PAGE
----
Here’s the books I read in May…
Doctor Who and the Krikkitmen by James Goss
Based on a plotline from Doctor Who’s then script editor Douglas Adams, this tale never actually saw the light of day – though much of it was later recycled to form the basis of a plot for one of the author’s Hitchhiker’s Guide novels. James Goss , who had previously adapted Adams’ City of Death, once again captures the irresistible wit and surrealism of his unique authorial voice really well, but there’s no denying that the plot itself is deeply episodic. After a while, it was a bit of a slog to be honest.
Excavate! The Wonderful and Frightening World of The Fall by various authors, edited by Tessa Norton and Bob Stanley.
The first of this month’s reads to feature The Fall is a series of essay that celebrate the world of band, rather than the band or its back catalogue itself. Each explores the things that interested or influenced Mark E. Smith, or things that Mark E. Smith influenced and the people interested in him. Quite what MES himself would make of it I do not know; I suspect he’d find several essays pretentious and wide of the mark – I know I did. But some really hit you between the eyes. Valuable ephemera also populates the book throughout. Quite why no one thought to ask Stewart Lee for a contribution is beyond me.
Rule of Night by Trevor Hoyle
First published in 1975, this is a reissue from Pomona, who have rediscovered and published some really good stuff over the last twenty years. Set in Rochdale, the novel follows sixteen year old Kenny Seddon and his adventures rioting on the terraces, P*ki bashing, gang-fights, robbing meters and shagging. Remember the Skinhead novels that Richard Allen wrote for NEL in the 70s? This is like a proper, mature version of those, written by someone who has actually done some research and is not a hack. Kenny is a vile and reprehensible protagonist, he’s also an idiot whose comeuppance is often delivered, either by Clockwork Orange inspired thugs, his own father or the law. There’s no sympathy to be had for Kenny, but Hoyle writes in such a way that none of that seems to matter. It’s full of bleakly, beautiful prose and a tremendous sense of time and place – it’s certainly a very Northern 1970s book. I have heard it went on to inspire many subsequent football hooligan novels of the 90s and 00s, but this is a nook that really deserves to be better known. A cult classic.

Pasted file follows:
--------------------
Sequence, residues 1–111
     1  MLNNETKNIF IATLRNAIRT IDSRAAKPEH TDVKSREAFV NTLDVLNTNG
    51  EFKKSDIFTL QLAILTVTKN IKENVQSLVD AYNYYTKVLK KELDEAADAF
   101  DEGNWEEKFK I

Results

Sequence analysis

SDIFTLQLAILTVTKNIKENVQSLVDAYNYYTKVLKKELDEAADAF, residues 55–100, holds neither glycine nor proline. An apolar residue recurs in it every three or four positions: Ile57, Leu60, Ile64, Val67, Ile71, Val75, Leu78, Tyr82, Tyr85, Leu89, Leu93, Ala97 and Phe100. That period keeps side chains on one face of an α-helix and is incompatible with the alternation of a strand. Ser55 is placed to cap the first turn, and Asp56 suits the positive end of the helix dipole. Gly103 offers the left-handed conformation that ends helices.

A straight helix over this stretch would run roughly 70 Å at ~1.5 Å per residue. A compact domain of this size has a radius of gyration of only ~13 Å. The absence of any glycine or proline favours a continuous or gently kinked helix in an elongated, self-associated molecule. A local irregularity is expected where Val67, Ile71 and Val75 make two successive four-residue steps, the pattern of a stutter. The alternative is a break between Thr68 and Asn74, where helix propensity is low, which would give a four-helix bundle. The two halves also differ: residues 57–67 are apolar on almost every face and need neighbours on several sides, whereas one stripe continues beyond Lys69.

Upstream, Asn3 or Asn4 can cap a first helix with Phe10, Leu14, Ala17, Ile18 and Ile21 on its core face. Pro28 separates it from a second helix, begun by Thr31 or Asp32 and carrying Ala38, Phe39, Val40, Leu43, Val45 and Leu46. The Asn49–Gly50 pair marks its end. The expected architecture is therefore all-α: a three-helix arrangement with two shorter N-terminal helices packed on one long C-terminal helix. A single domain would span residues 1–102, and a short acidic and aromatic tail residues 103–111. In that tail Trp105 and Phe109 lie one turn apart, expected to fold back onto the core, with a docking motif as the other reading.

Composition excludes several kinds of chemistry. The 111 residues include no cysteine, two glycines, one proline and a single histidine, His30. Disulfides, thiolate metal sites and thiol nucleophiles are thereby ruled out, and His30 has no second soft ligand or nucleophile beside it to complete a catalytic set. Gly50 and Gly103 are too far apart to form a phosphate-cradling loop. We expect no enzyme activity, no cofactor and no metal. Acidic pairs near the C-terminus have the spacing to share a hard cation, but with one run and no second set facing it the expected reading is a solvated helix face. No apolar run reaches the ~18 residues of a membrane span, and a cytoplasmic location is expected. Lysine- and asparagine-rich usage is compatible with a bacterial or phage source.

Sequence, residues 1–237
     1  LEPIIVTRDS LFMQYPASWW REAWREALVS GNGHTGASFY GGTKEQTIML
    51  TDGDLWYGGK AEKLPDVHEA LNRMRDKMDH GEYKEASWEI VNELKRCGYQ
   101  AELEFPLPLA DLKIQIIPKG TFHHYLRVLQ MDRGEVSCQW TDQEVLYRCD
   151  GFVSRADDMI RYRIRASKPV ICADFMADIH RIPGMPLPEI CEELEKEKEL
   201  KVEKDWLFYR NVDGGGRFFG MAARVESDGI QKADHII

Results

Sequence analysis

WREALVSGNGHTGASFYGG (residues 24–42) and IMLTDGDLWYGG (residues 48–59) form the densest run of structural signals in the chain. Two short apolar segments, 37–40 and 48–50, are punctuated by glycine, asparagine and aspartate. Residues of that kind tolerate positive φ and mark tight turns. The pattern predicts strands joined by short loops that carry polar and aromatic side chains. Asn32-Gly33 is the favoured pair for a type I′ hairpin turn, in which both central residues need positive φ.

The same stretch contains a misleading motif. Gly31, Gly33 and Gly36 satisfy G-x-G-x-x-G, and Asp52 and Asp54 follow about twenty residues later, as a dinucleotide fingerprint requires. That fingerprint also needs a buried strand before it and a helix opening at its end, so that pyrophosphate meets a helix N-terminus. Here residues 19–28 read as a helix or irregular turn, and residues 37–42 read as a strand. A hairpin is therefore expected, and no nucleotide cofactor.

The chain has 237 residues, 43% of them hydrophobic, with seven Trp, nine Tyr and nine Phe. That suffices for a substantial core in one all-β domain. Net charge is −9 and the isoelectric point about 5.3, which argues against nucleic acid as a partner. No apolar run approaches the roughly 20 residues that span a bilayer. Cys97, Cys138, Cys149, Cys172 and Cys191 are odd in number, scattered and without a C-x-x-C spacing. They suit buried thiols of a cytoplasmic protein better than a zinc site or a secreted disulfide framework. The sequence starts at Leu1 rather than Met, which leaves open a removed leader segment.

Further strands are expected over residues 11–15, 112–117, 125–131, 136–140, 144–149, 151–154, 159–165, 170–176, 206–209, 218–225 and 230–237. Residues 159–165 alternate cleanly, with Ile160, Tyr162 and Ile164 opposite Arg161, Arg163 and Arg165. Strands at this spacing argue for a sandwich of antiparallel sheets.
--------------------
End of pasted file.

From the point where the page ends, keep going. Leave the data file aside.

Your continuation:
The Otherwise by Mark E. Smith and Graham Duff
The second Fall book of the month and the first of two screenplays I have read in May, The Otherwise was a book I was eagerly anticipating – a screenplay for an unmade horror film penned by Duff (who wrote Ideal, a sitcom I love) and MES. It’s hard to appreciate how effective the chills for this would be on paper, as horror is a very visual medium, but the screenplay possesses an obviously mordant wit that hit the spot for me. I really hope that it will finally get made – filmmakers Ian Forsyth and Jane Pollard have expressed a keen interest in getting it to the screen, with the likes of Jared Harris and David Thewlis both mooted to step into Smith’s shoes, and I imagine Duff will be playing the head of Pendle’s biker gang, Sons of Witches. Perhaps Ideal alumni Ben Crompton can play the hapless hero?
Accidental Death of an Anarchist by Dario Fo
This play book is the English adaptation from Gavin Richards whose Belt and Braces theatre company staged it in the late 70s. It remains a remarkable play, Brecht via Spike Milligan’s Q/Karl Marx via the Marx Brothers. You laugh at the farce but the reality of the situation, the stupid, monstrously cavalier attitudes of fascist authority slowly dawns on you. Belt and Braces subsequently staged the piece for television in the early 80s starring Richards in the lead role of the Maniac – it’s on YouTube and I urge everyone to watch it, because it’s simply superb. Richards, and his adaptation, is arguably the greatest gift to British theatre in the late 20th century.
Number of books read in 2021 so far: 23